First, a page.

Ten years ago, “Operational Technology” (OT) vendors had only just really started to embrace Ethernet and TCP/IP as enterprise wide and global networking technology. The devices were generally designed “assuming” they would be on isolated “Supervisory Control and Data Acquisition” (SCADA) network segments and “something else” was going to take care of any security issues. In some cases, there was no security at all. If you had the right configuration software, then you could configure the OT device to do as you pleased.  This was accepted as “sort of” okay while these devices were connected to isolated networks.  The network boundary was probably a single secured building, possibly located on a secured property. Physical and network isolation did a “good enough” job of protecting the asset from malicious interference.

Engineers and Managers who were becoming more and more accountable for business stability and risk, then started wanting visibility from head office about what was happening down on the “plant floor” or “out in the field”. A typical response from IT would have been, “yeah, no problem we can connect the SCADA network to the Corporate network via our firewall and that way the SCADA network and the devices contained in it can still be hidden\protected from the wider corporate network and definitely hidden from the internet”. The key fundamental remained. Nothing OT was directly connected to the internet, it was buried behind several layers of firewall or was still completely disconnected.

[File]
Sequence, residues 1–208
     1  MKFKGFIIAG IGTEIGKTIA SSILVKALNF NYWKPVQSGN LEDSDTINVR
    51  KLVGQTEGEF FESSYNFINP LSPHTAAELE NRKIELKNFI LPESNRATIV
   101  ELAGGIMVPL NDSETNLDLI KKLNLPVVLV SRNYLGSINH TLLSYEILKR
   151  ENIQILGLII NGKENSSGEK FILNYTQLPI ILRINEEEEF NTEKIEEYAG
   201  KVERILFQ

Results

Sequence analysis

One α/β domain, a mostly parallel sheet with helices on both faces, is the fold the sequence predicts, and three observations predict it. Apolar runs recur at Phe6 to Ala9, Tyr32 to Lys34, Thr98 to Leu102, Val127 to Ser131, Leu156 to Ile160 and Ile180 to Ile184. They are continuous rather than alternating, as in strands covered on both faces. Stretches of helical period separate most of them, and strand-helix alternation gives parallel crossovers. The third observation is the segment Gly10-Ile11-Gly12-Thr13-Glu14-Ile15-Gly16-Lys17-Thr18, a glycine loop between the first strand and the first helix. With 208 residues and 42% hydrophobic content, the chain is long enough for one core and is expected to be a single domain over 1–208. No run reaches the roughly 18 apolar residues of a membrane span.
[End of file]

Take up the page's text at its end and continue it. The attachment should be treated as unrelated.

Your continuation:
The great wall of China illustrates how important network boundaries are to cyber security.

What does your “average“ SCADA network look like today?

The average SCADA network is something that has just “evolved” over the last decade, usually in a “knee-jerk” reaction to a change in OT requirements and  quick “band-aid” solutions are still in place years later. Little, if any thought has been given to providing security to OT. It has all been about connectivity, sometimes in extremely adverse conditions. The much touted “Internet of Things” (IoT) has driven a paradigm shift in how the individual components of a SCADA system are connected. These days a client expects to be able to place assets anywhere in the world that has connectivity to the internet and easily connect that asset to their SCADA network somewhere else in the world. For this to occur it means that anybody, anywhere with access to the “internet” has the ability to attempt to access to your “field” assets and possibly in some way your control system. Thus, there exists a possibility (however remote) of someone doing damage to your system.

How bad is this?

Is the average Industrial Automation device secure? Have these OT devices caught up or stayed with the pace of IT software systems in terms of security? Do they have inbuilt security, do they at least have a “password”?  To be blunt, No, not really. There are current generation OT devices that are built from the ground up with best of breed IT security features but these devices come at a price premium.  This may be okay with a brand-new roll out, but what about our legacy systems? It is impractical to take a purest perspective on getting with the times, right?

What can be done?

So how do you go about improving SCADA security for systems with legacy products, and doing it with a level of protection commensurate with the level of risk if something goes wrong?   The first and most vital step is to understand the level of exposure in terms of currently deployed technologies. This must be considered against the backdrop of current attack strategies of hackers including terrorists and what new generation devices offer in terms of mitigation against these strategies.